1. Limited time only! Sign up for a free 30min personal tutor trial with Chegg Tutors
    Dismiss Notice
Dismiss Notice
Join Physics Forums Today!
The friendliest, high quality science and math community on the planet! Everyone who loves science is here!

B Kinetic energy and Gravitational Potential Energy

  1. May 14, 2016 #1
    Hi Guys,

    When we are finding the wasted energy when something is dropped a tower, we do this: mgH-0.5mv^2
    My question is, does the velocity of the kinetic energy have to be vertical component, or can it be the impact velocity when it hits the ground?

  2. jcsd
  3. May 14, 2016 #2


    User Avatar
    Homework Helper
    Gold Member

    If you simply drop an object,it will fall vertically. The vertical component of its motion will be its only motion. Gravity can not give it a horizontal component. If you give it a horizontal component, you have given it some KE. This then remains constant (assuming no resistance.) Only the vertical component of velocity increases as it falls. So if you are considering gravitational potential energy, you are only interested in the vertical component of motion.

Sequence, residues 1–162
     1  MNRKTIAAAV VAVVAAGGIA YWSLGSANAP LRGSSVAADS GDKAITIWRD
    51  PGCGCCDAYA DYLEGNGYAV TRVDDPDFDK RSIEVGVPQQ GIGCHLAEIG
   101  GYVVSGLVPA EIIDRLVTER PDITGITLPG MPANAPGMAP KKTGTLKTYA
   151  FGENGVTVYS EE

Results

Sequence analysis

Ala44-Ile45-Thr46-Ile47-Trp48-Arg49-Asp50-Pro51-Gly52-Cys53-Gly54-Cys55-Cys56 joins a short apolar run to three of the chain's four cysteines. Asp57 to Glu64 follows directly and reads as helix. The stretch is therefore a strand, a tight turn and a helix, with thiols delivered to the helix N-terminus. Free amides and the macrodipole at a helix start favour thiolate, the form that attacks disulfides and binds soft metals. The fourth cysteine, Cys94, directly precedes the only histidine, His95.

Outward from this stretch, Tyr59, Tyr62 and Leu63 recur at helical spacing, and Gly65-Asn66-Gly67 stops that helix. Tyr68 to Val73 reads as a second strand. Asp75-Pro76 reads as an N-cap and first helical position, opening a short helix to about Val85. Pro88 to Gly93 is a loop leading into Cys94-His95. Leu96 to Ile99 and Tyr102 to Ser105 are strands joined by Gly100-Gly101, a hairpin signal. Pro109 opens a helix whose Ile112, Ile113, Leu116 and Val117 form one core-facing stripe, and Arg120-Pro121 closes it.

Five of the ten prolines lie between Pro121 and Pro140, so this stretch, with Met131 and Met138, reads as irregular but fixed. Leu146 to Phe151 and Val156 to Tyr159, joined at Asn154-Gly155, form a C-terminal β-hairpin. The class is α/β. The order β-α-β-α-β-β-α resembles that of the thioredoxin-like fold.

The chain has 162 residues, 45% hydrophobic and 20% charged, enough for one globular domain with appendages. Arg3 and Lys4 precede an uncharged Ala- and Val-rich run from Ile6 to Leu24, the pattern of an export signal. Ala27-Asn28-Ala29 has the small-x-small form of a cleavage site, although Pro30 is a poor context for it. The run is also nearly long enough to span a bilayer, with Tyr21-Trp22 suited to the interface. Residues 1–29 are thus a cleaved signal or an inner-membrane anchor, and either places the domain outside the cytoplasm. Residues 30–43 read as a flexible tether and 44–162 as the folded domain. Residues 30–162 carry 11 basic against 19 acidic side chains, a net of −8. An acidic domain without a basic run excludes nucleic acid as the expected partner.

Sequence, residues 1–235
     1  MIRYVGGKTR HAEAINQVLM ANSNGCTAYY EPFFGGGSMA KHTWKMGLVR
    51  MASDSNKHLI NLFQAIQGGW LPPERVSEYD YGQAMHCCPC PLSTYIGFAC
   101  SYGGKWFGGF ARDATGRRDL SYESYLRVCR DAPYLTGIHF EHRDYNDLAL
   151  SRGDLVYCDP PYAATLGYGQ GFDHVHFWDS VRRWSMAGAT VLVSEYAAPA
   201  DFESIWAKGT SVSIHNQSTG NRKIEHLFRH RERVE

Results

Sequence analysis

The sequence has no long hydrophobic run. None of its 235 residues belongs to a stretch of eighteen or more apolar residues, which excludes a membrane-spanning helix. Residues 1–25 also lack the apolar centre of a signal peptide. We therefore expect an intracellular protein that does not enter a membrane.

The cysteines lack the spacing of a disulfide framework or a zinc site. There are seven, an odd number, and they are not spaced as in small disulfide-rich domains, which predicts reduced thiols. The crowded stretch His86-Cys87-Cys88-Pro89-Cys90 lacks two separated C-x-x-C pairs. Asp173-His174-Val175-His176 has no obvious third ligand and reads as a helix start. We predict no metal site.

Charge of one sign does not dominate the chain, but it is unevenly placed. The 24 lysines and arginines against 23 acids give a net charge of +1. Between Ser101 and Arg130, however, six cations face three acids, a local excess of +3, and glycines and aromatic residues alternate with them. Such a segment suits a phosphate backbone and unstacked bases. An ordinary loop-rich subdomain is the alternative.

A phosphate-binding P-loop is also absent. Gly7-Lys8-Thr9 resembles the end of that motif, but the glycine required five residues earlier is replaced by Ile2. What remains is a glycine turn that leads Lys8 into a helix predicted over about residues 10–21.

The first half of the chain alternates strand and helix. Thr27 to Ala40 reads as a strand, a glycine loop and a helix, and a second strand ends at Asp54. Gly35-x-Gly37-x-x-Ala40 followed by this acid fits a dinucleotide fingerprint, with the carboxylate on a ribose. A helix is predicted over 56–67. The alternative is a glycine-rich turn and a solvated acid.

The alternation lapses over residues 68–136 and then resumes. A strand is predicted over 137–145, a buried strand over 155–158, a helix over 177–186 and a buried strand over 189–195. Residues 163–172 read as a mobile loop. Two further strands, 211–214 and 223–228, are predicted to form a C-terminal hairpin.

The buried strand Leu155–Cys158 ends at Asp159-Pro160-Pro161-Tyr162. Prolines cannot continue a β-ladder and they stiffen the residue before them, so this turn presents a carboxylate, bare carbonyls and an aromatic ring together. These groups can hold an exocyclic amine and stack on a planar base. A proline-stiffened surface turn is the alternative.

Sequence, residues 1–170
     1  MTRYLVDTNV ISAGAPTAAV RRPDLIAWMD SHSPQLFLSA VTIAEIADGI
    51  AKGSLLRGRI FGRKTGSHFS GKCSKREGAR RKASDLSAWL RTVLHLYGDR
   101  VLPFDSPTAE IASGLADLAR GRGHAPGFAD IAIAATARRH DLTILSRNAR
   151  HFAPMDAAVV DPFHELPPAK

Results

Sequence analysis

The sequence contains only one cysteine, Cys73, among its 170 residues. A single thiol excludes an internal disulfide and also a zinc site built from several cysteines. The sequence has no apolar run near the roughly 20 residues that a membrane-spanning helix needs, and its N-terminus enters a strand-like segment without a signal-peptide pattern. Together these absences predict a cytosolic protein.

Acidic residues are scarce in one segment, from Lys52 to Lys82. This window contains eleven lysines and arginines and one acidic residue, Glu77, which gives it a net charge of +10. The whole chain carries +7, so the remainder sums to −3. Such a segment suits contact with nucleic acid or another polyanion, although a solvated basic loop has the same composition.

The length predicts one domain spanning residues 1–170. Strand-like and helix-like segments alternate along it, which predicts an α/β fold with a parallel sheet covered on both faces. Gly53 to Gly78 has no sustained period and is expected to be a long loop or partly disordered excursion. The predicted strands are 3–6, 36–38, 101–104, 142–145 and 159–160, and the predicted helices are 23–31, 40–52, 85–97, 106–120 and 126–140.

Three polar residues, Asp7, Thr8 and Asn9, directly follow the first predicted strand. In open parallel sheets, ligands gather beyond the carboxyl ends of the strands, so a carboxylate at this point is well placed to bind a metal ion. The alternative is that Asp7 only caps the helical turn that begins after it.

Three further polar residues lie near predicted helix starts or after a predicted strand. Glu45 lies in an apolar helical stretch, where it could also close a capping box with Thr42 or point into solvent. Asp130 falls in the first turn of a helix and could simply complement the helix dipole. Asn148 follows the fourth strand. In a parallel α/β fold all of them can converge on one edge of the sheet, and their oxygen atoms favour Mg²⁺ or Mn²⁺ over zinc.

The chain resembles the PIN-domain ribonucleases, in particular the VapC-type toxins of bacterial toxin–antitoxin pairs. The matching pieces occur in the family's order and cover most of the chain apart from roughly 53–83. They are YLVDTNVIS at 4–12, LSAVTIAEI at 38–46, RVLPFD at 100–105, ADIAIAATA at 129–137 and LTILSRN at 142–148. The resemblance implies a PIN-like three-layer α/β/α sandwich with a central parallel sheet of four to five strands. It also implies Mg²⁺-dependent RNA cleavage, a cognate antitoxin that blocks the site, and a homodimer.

For a dropped object mgH = 0.5m(vv)2
    For a thrown object 0.5m(vh)2 +mgH = 0.5mv2 = 0.5m(vh)2 + 0.5m(vv)2 which reduces to the above when you cancel the horizontal component.
Share this great discussion with others via Reddit, Google+, Twitter, or Facebook

Have something to add?
Draft saved Draft deleted